Developments in Constitutional Law: The 1993-94 Term

Supreme Court Law Review, Vol. 6, pp. 67-126, 1995

31 Pages Posted: 17 Jul 2008

See all articles by David Schneiderman

David Schneiderman

University of Toronto - Faculty of Law

Joel Bakan

University of British Columbia (UBC), Faculty of Law

Bruce Ryder

York University - Osgoode Hall Law School

Margot E. Young

University of British Columbia (UBC) - Faculty of Law

Date Written: January 1, 1995

Abstract

This paper seeks to draw out four different, and often conflicting, themes that inform the Supreme Court of Canada's constitutional decision making. Each theme expresses a conception of the Canadian state, and taken together they represent, arguably, the current range of dominant views regarding the appropriate role of the state in Canada: classical liberalism, federalism, social democracy and neo-liberalism. Explicit and implicit reliance upon these conceptions of the state can be understood as reflecting the Court's concern to stay in step with its perception of contemporary social consensus on the large political issues lurking behind every constitutional question it addresses. The fact that four different and potentially conflicting themes are developed in answer to this question suggests that the members of the Court have not been able to identify what the social consensus is; or, far more likely, a social consensus does not exist on the desirable scope and content of state power, only competing ideals.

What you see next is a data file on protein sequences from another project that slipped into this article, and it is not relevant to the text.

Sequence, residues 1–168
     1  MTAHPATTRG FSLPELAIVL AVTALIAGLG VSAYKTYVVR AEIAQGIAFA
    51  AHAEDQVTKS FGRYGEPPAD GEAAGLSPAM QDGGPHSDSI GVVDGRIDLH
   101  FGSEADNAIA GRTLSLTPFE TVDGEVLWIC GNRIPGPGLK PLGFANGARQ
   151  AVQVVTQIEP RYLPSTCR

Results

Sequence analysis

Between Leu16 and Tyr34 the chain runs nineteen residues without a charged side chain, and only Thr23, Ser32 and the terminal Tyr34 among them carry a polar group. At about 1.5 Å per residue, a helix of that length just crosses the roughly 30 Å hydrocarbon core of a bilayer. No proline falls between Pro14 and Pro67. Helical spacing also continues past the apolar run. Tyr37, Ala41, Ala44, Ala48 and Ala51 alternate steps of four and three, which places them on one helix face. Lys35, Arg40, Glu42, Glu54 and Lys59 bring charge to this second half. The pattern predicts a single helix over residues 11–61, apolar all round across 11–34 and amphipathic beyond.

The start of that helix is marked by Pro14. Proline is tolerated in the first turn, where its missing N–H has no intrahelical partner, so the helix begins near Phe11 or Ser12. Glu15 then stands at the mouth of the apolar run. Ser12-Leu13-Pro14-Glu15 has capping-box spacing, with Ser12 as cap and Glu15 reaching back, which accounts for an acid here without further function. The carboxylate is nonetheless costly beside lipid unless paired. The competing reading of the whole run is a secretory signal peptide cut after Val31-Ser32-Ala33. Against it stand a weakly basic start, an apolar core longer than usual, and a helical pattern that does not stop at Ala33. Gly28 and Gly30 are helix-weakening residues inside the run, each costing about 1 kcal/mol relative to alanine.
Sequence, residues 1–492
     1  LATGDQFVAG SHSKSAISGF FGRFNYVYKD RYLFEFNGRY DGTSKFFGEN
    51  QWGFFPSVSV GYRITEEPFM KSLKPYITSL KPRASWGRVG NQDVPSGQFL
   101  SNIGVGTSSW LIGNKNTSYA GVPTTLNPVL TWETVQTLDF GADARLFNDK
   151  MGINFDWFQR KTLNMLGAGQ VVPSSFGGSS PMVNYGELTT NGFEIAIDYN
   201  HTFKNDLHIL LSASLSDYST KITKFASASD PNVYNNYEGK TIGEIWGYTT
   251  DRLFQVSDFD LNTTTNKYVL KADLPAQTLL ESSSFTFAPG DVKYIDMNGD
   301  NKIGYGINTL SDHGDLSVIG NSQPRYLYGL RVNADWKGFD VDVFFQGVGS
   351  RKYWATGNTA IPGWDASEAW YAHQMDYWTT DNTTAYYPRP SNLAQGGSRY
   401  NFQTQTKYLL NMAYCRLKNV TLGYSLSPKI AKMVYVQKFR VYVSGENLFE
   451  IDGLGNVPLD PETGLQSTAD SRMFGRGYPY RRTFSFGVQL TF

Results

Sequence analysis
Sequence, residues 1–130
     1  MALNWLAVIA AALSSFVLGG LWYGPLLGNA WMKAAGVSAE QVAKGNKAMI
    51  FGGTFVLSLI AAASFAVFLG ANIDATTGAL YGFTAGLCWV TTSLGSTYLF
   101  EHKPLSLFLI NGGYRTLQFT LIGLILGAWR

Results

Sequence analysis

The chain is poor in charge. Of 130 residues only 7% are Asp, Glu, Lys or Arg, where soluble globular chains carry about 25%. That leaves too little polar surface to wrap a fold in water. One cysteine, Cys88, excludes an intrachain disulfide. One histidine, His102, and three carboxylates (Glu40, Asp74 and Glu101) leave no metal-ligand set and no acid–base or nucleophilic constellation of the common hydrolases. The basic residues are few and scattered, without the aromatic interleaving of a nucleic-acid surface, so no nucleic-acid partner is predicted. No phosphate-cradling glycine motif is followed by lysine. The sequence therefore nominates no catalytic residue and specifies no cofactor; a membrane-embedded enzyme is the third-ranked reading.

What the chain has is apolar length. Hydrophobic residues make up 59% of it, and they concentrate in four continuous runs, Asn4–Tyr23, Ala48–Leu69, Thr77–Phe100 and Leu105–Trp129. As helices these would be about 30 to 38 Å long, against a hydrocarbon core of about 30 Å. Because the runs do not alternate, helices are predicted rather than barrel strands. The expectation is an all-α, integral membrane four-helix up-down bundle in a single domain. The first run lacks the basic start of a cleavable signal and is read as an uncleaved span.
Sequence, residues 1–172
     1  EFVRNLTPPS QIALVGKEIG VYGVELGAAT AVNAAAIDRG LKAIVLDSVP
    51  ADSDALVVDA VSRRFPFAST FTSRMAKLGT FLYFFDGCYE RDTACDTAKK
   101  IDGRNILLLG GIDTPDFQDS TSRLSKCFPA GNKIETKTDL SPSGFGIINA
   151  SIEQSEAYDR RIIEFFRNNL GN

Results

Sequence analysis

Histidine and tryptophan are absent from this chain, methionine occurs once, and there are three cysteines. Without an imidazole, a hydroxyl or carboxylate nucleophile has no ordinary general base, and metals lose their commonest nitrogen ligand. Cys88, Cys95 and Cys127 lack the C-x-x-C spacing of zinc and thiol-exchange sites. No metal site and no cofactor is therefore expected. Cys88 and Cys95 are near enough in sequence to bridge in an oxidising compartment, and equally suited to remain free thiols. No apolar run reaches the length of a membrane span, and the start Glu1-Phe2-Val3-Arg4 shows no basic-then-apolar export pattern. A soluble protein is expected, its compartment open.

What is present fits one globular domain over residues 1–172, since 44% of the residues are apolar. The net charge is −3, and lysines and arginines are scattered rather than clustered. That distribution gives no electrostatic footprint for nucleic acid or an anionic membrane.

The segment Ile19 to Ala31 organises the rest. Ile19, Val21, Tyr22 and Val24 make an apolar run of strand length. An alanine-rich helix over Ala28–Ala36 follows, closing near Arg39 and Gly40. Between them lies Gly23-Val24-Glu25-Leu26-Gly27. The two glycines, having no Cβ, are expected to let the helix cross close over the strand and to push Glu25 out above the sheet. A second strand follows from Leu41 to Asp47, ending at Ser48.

Suggested Citation

Schneiderman, David and Bakan, Joel and Ryder, Bruce and Young, Margot E., Developments in Constitutional Law: The 1993-94 Term (January 1, 1995). Supreme Court Law Review, Vol. 6, pp. 67-126, 1995, Available at SSRN: https://ssrn.com/abstract=1162289

David Schneiderman (Contact Author)

University of Toronto - Faculty of Law ( email )

78 Queen's Park
Toronto, Ontario M5S 2C5
Canada
416-978-2677 (Phone)
416-978-7899 (Fax)

Joel Bakan

University of British Columbia (UBC), Faculty of Law ( email )

1822 East Mall
Vancouver, British Columbia V6T 1Z1
Canada

Bruce Ryder

York University - Osgoode Hall Law School ( email )

4700 Keele Street
Toronto, Ontario M3J 1P3
Canada

Margot E. Young

University of British Columbia (UBC) - Faculty of Law ( email )

1822 East Mall
Vancouver, British Columbia V6T 1Z1
Canada

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